Researchers have warned that devastating floods and wildfires could be a “new normal” if greenhouse gas emissions aren’t capped
European Union (EU) scientists have said 2023 is set to be the warmest year recorded in the past 125,000 years, after data from last month showed that October shattered previous temperature records by a significantly large margin.
“The [October] record was broken by 0.4 degree Celsius, which is a huge margin,” Samantha Burgess, director of the EU’s Copernicus Climate Change Service (C3S), said on Wednesday, adding that unusual temperature data was “very extreme.”
The average surface air temperature for October was 1.7 degrees Celsius warmer than typical for the so-called pre-industrial period between 1850 and 1900, before humans began burning large amounts of fossil fuels, C3S said. The increased global temperatures this year are linked to man-made emissions, scientists say, as well as the naturally-occurring El Nino weather system, which warms surface waters in the eastern Pacific Ocean.
CS3 said in a statement that 2023 is “virtually certain” to break the previous record set in 2016, which was also an El Nino year.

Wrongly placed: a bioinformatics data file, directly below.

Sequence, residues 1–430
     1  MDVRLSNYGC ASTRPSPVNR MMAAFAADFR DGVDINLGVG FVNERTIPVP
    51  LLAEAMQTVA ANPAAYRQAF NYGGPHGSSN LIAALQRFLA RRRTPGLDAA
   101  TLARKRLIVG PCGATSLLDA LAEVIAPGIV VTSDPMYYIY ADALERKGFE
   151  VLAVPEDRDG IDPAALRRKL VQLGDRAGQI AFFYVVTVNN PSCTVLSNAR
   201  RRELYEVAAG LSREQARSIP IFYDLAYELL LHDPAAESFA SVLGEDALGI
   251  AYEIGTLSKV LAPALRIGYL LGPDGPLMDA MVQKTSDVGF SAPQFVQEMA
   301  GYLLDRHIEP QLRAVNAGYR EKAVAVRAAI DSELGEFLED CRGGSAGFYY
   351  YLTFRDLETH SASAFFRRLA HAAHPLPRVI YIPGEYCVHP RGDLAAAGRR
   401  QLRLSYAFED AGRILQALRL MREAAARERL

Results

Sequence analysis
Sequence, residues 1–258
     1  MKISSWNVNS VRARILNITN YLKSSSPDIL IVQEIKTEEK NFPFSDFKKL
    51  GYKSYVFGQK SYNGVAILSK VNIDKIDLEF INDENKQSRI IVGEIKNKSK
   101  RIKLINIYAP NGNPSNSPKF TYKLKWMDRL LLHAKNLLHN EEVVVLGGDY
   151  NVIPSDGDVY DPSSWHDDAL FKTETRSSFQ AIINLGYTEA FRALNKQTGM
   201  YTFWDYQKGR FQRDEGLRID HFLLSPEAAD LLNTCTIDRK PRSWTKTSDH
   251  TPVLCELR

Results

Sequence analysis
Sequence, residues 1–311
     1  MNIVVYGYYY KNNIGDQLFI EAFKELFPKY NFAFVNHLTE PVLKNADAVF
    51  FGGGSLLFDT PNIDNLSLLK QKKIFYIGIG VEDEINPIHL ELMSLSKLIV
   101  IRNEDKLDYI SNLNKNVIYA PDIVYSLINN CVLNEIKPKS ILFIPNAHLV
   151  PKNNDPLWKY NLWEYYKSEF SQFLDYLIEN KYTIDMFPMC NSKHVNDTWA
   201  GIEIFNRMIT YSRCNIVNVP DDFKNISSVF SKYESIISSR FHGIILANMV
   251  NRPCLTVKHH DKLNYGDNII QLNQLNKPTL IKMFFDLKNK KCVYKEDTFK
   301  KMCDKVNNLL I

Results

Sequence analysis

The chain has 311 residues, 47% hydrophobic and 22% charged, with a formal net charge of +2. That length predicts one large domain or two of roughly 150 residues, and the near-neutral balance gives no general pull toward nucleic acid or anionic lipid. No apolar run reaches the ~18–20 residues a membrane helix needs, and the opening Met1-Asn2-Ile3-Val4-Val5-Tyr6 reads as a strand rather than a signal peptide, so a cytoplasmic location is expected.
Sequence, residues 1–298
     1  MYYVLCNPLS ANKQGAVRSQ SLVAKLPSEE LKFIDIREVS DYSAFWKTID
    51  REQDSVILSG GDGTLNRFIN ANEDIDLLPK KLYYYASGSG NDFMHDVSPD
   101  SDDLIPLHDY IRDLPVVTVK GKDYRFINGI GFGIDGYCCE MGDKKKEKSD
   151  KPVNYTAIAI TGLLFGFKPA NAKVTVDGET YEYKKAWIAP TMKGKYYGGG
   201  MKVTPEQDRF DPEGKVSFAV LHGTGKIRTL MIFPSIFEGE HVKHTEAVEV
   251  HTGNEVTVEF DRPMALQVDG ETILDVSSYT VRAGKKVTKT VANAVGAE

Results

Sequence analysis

The only other time on record in which global surface air temperatures exceeded expectations by such a large margin was September 2023. Researchers have indicated that extreme temperatures are expected to persist in 2024.
“When we combine our data with the IPCC (Intergovernmental Panel on Climate Change), we can say that this is the warmest year for the last 125,000 years,” Burgess said, adding that she was “really, really surprised” by the findings.
The uptick in global temperatures directly corresponds to an increase in human suffering, according to Dr. Friederike Otto from Imperial College London.
“Within this year, extreme heatwaves and droughts, made much worse by these extreme temperatures, have caused thousands of deaths, people losing their livelihoods, being displaced, etc.” he said, as per the BBC on Wednesday. “These are the records that matter.”
Scientists have blamed man-made climate change for a series of disasters which have happened throughout 2023, including floods that killed thousands in Libya, South American heatwaves and Canada’s worst-ever season of forest fires – which Piers Foster, a climate scientist at the UK’s University of Leeds, warned could become commonplace.
“We must not let the devastating floods, wildfires, storms, and heatwaves seen this year become a new normal,” he said via Reuters, explaining that by “rapidly reducing greenhouse gas emissions” the rate of warming can be halved.
The topic is expected to dominate the UN’s COP28 climate change summit, set to begin in Dubai on November 30.